So what will
we find in those piles of undervotes? The Washington Post
leads with its analysis
that says Gore stands to come out ahead even in counties that Bush won in the overall vote. An analysis by Knight-Ridder
in the Detroit Free Press
), however, comes to the opposite conclusion: that Bush stands to gain.
But the KR analysis is "based on the assumption that undervotes split in the same proportion that each county's vote for president did" - an assumption almost everyone else disagrees with. There is a broad consensus that undervotes are disproportionately located in poorer and/or more heavily African-American precincts. (The result of some vile conspiracy? No, poorer areas have more of the rickety old ballot machines that churn out more undervotes and the surge in African-American voters brought in many new or occasional voters who had less experience using the voting machines. Thus, apparently, more undervotes.) This AP article argues that this was the case in Duvall county. Congresswoman Corrine Brown told the AP that "Of the county's 4,967 Duval County undervotes, 1,413 were cast in predominantly black districts that carried Al Gore by more than 90 percent."
This article in the Philly Inquirer gives a run-down of the contending 'whose votes are they?' theories.
P.S. We have a winner in the (admittedly as yet unannounced) One-Time-Respectable- Republican-Turned-Incendiary-Hack contest. The prize goes to Jack Kemp. The following graf from Rick Berke's article in today's NYT:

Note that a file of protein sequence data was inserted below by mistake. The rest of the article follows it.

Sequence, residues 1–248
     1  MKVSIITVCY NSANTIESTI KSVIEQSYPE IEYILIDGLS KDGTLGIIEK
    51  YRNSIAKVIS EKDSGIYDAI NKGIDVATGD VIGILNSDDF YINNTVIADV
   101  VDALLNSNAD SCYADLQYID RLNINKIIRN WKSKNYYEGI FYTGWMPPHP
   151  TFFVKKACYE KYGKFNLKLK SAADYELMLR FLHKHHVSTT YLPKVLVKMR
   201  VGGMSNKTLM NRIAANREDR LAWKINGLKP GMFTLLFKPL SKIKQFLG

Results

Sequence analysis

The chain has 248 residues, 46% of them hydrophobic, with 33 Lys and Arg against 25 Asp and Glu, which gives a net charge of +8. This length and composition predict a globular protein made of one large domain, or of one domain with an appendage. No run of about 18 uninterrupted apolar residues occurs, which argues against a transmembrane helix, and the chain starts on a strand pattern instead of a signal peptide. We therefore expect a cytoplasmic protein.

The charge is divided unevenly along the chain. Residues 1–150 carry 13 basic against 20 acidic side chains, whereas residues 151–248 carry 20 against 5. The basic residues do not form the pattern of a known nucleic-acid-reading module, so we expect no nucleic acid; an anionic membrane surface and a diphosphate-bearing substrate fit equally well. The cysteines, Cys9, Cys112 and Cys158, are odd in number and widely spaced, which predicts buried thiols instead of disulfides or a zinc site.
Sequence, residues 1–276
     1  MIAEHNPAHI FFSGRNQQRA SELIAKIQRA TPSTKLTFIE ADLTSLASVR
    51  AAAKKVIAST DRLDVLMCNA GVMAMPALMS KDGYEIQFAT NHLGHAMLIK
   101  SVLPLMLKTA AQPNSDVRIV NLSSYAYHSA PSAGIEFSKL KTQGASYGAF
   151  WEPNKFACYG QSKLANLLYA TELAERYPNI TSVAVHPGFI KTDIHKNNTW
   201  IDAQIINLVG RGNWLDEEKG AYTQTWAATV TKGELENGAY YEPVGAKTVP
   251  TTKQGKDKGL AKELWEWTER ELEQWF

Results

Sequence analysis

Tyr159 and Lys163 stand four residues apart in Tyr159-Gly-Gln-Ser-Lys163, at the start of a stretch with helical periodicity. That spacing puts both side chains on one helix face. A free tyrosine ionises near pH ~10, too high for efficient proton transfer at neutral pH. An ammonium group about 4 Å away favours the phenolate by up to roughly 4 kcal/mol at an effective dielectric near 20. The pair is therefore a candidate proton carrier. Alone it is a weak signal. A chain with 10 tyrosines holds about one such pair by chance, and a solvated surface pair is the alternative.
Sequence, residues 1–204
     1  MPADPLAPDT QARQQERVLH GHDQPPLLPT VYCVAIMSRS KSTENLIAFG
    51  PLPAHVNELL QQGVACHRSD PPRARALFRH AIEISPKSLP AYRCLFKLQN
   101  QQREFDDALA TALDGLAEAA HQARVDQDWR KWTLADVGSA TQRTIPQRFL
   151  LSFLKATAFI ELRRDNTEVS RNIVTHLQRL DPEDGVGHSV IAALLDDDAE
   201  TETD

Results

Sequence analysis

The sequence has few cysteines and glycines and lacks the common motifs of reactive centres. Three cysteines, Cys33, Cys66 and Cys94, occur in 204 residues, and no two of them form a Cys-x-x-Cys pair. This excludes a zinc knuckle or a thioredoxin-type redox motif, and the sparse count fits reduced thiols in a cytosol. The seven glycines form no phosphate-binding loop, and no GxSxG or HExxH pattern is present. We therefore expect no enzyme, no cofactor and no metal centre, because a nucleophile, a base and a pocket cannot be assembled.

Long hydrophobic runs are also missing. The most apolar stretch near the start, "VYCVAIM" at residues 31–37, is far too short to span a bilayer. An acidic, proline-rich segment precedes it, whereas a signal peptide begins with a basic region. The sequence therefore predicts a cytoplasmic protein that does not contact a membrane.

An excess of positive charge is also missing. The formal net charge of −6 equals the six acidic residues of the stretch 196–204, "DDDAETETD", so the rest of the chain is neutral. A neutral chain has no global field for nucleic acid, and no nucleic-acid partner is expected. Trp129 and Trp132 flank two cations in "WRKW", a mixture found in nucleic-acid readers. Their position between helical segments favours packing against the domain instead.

To further that point, the Republican Party hurriedly issued a statement by Jack Kemp, the vice presidential nominee four years ago. "Today, America has witnessed a judicial coup d'etat by the Florida Supreme Court unprecedented in modern history," he said.
That's the hack, Jack.
P.P.S. We've already seen and noted in earlier posts that the John McCain-Chuck Hagel crew in the Senate has been among the most temperate, and least Bush-shilling, groups of Republicans in their statements about the Florida fracas. Hagel seems to be keeping it up.
Again from Berke's article in the NYT.
Senator Hagel said he was worried about the tenor of the oratory from his colleagues and advised them not to let it get out of hand. "I think we should be very very careful of what we say and very measured," he said. But Mr. Hagel said he did not see the matter being resolved soon. "I don't know what you do to stop it," he said. "The only thing you could do is one of these guys steps up and says, `I'm not going to put the country through that,' because Constitutionally both men have every right to go on with this."
P.P.P.S. Want more info on the doings of Senator McCain? This article of mine
in The American Prospect
details McCain's successful efforts on behalf of Republican congressional candidates during the last election, and says what it might mean for McCain in the next congress.